Video diaries

Authored by: Charlotte Bates

The Routledge International Handbook of Ethnographic Film and Video

Print publication date:  April  2020
Online publication date:  April  2020

Print ISBN: 9780367185824
eBook ISBN: 9780429196997
Adobe ISBN:

10.4324/9780429196997-13

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Abstract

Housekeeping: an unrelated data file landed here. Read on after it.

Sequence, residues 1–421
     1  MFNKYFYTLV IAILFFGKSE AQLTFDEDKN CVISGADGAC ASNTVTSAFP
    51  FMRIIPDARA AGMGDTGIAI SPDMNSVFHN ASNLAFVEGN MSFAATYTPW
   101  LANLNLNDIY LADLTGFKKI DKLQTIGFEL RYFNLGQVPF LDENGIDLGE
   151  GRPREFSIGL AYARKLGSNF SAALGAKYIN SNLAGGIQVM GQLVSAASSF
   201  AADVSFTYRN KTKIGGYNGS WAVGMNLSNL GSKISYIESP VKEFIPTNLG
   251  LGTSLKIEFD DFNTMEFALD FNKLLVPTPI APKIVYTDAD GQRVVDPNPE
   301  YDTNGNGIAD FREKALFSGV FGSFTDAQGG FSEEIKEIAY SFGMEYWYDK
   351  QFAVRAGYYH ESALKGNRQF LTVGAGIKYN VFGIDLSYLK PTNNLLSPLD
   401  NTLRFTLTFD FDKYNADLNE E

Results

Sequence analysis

I first encountered the video diary at a workshop in 2006. That day, Jennifer Patashnick gave a presentation on Video Intervention/Prevention Assessment (VIA): a project based at the Center on Media and Child Health, Children’s Hospital Boston. The VIA project was unique. It gave video cameras to young people with chronic medical conditions and asked them to share the stories of their lives in the form of video diaries. Each VIA participant was loaned a lightweight handheld video camcorder and asked to “teach your doctor about your life and your condition.” The atmosphere in the small, dark seminar room was palpable. Both raw and moving, the video footage demanded to be witnessed but was uncomfortable to watch. Some in the audience averted their eyes as drops of bright red blood fell from a young man’s mouth and pooled into the palm of his hand, which he held out to the camera. 25-year-old Jay had cystic fibrosis, and bloody coughing episodes like this one were part of his daily life. His testimony remained with me long after his video diary had ended.

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